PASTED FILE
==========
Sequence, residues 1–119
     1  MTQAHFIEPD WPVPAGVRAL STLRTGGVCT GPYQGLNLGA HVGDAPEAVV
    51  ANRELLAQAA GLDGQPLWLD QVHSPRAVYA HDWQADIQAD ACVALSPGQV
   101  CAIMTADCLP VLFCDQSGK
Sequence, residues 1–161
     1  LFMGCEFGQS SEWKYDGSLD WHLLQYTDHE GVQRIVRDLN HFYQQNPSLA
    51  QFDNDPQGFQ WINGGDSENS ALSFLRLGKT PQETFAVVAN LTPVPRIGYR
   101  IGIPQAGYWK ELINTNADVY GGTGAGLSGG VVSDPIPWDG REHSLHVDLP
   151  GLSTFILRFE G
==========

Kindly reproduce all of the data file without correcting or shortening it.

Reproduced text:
Sequence, residues 1–119
     1  MTQAHFIEPD WPVPAGVRAL STLRTGGVCT GPYQGLNLGA HVGDAPEAVV
    51  ANRELLAQAA GLDGQPLWLD QVHSPRAVYA HDWQADIQAD ACVALSPGQV
   101  CAIMTADCLP VLFCDQSGK
Sequence, residues 1–161
     1  LFMGCEFGQS SEWKYDGSLD WHLLQYTDHE GVQRIVRDLN HFYQQNPSLA
    51  QFDNDPQGFQ WINGGDSENS ALSFLRLGKT PQETFAVVAN LTPVPRIGYR
   101  IGIPQAGYWK ELINTNADVY GGTGAGLSGG VVSDPIPWDG REHSLHVDLP
   151  GLSTFILRFE G